D.C. police officer Benjamin Fettering wears a body camera during a 2014 news conference. (Michael Reynolds/European Pressphoto Agency)

THE PAST year’s rash of law enforcement shootings of unarmed civilians has brought new attention to an age-old question: Who is policing the police? A plan from D.C. Mayor Muriel E. Bowser (D) to make public some footage from officer-worn body cameras offers one answer. Ms. Bowser’s proposal would move the District closer to holding police accountable, but perhaps not close enough.

It has been 12 months since the fatal shooting of Michael Brown in Ferguson, Mo. In that time, calls for stepped-up police surveillance have become widespread. Several major cities have scaled up their use of police body cameras. In the District, Ms. Bowser has vowed to equip 2,800 officers with the devices. Originally, Ms. Bowser proposed that all footage captured be automatically exempt from the Freedom of Information Act. That plan effectively would have barred public access to the video.

Ms. Bowser’s revised proposal, circulated in a memo last week and reported on by The Post’s Aaron C. Davis, represents a change of heart. It would give prosecutors and academic researchers unrestricted access to video and allow subjects of police recordings to review taped encounters in a police station at no cost. Yet the plan comes with caveats: For example, footage would not be publicly available when there are charges pending against an involved officer or civilian; when a case involves domestic violence or sexual assault; or when the video is recorded “inside a residence or any other place where a person has a heightened expectation of privacy.”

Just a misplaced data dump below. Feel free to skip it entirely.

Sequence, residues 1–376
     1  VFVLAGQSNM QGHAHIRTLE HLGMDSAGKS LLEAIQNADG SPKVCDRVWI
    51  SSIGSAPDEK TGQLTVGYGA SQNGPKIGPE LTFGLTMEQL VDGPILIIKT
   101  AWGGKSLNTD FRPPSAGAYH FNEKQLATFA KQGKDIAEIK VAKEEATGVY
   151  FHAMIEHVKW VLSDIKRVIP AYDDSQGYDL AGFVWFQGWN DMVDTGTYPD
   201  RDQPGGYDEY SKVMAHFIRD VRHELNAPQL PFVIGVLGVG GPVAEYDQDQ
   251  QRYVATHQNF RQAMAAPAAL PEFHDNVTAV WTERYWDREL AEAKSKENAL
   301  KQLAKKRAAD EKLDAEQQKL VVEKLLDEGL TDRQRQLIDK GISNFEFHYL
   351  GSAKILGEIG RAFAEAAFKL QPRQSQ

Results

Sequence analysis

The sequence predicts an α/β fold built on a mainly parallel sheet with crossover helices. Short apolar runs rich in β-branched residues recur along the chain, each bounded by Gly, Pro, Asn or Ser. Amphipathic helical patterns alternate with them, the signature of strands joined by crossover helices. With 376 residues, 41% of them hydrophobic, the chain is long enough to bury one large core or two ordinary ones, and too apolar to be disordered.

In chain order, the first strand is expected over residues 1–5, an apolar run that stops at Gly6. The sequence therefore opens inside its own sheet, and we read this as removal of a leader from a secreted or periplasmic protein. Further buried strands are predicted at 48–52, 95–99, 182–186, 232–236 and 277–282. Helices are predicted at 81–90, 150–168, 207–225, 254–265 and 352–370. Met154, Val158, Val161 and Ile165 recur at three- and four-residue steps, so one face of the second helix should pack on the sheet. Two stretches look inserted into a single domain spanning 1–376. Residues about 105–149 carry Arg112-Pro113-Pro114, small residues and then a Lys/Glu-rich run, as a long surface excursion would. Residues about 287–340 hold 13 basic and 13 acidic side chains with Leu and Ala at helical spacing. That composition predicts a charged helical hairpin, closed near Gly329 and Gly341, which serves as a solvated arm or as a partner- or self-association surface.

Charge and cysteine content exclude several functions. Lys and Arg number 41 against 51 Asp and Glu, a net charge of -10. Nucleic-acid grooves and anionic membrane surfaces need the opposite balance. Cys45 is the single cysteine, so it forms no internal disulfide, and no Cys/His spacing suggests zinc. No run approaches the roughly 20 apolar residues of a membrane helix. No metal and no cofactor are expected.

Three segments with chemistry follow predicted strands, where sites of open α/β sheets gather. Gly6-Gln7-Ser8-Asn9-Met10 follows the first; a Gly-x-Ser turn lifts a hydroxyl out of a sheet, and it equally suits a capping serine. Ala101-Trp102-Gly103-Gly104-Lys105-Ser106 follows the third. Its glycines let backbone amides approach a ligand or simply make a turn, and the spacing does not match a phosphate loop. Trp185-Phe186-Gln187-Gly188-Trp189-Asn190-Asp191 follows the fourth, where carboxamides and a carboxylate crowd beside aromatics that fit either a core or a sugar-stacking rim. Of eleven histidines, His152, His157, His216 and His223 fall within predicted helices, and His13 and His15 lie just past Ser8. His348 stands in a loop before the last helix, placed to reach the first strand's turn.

Some of this is understandable. Victims of domestic violence, for example, are often wary of calling the police and might be even less likely to do so if they could end up on YouTube. But the Freedom of Information Act already allows for exceptions in cases of pending investigations or valid privacy concerns. It remains unclear why additional rules and restrictions are necessary.

Ms. Bowser’s suggested blanket ban on the release of video taken in private locations is particularly worrisome. Does an incident in a public restaurant on private property qualify? What about at Nationals Park? Body cameras are a window into police activity that should increase accountability and decrease bad behavior. Their use can also protect police from unfair accusations of misbehavior. The more accessible the video, the more potent the tool. Ms. Bowser’s plan threatens this potency.

We have sympathy for police departments that are venturing into uncharted territory with the use of body cameras. The process is complicated, confusing and potentially costly, and law enforcement and lawmakers alike are bound to run into stumbling blocks. It’s good that the District is not using these challenges as an excuse to do nothing. In conversations to come, we hope Ms. Bowser, the D.C. Council and the police department will find the elusive but essential balance between transparency and privacy.